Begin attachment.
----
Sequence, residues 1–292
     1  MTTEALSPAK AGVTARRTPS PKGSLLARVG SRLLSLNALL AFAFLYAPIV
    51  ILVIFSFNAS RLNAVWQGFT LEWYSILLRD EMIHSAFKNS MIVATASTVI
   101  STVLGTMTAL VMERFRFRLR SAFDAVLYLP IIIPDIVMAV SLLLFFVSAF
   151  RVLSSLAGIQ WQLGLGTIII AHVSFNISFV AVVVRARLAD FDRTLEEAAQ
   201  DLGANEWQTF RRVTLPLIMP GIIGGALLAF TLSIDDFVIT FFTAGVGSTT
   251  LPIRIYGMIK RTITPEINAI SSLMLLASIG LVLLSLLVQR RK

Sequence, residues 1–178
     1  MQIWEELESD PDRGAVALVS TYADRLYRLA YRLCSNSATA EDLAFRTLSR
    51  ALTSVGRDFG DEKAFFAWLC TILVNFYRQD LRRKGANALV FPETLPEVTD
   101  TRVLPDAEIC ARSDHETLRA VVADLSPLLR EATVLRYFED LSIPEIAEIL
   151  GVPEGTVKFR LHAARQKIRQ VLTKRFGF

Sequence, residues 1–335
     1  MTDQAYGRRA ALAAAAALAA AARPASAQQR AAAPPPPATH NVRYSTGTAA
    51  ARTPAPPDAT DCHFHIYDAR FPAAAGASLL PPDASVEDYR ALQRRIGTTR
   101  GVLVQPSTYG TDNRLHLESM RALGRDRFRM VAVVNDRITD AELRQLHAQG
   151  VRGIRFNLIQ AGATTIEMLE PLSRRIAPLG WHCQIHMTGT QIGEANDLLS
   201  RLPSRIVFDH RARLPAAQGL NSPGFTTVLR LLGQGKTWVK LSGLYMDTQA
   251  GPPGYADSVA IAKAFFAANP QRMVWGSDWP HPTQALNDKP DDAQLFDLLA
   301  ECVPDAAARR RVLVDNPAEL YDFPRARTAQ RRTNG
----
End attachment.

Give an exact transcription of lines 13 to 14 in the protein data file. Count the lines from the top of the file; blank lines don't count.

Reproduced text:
Sequence, residues 1–335
     1  MTDQAYGRRA ALAAAAALAA AARPASAQQR AAAPPPPATH NVRYSTGTAA